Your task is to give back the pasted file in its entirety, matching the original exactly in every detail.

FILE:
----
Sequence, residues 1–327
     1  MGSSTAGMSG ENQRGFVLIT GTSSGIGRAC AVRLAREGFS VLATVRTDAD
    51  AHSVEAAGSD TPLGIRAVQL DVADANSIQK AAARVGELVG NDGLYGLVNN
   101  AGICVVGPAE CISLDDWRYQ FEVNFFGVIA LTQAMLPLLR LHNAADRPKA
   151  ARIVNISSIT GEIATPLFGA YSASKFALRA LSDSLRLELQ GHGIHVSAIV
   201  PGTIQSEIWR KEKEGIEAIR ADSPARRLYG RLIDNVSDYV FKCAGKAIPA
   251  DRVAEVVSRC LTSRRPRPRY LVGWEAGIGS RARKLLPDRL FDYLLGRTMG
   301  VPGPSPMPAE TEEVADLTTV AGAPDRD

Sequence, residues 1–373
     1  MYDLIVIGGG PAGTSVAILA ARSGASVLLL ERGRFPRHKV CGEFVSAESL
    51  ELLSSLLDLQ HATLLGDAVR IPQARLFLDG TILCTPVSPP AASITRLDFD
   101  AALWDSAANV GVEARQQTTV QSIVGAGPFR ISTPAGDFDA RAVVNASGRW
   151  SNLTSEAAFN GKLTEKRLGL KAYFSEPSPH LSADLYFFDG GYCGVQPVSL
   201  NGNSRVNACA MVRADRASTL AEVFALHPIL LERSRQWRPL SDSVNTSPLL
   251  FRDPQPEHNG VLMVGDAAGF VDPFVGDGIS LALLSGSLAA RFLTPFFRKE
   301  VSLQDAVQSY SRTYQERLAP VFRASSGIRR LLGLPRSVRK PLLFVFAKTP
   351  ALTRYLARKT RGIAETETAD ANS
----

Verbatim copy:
Sequence, residues 1–327
     1  MGSSTAGMSG ENQRGFVLIT GTSSGIGRAC AVRLAREGFS VLATVRTDAD
    51  AHSVEAAGSD TPLGIRAVQL DVADANSIQK AAARVGELVG NDGLYGLVNN
   101  AGICVVGPAE CISLDDWRYQ FEVNFFGVIA LTQAMLPLLR LHNAADRPKA
   151  ARIVNISSIT GEIATPLFGA YSASKFALRA LSDSLRLELQ GHGIHVSAIV
   201  PGTIQSEIWR KEKEGIEAIR ADSPARRLYG RLIDNVSDYV FKCAGKAIPA
   251  DRVAEVVSRC LTSRRPRPRY LVGWEAGIGS RARKLLPDRL FDYLLGRTMG
   301  VPGPSPMPAE TEEVADLTTV AGAPDRD

Sequence, residues 1–373
     1  MYDLIVIGGG PAGTSVAILA ARSGASVLLL ERGRFPRHKV CGEFVSAESL
    51  ELLSSLLDLQ HATLLGDAVR IPQARLFLDG TILCTPVSPP AASITRLDFD
   101  AALWDSAANV GVEARQQTTV QSIVGAGPFR ISTPAGDFDA RAVVNASGRW
   151  SNLTSEAAFN GKLTEKRLGL KAYFSEPSPH LSADLYFFDG GYCGVQPVSL
   201  NGNSRVNACA MVRADRASTL AEVFALHPIL LERSRQWRPL SDSVNTSPLL
   251  FRDPQPEHNG VLMVGDAAGF VDPFVGDGIS LALLSGSLAA RFLTPFFRKE
   301  VSLQDAVQSY SRTYQERLAP VFRASSGIRR LLGLPRSVRK PLLFVFAKTP
   351  ALTRYLARKT RGIAETETAD ANS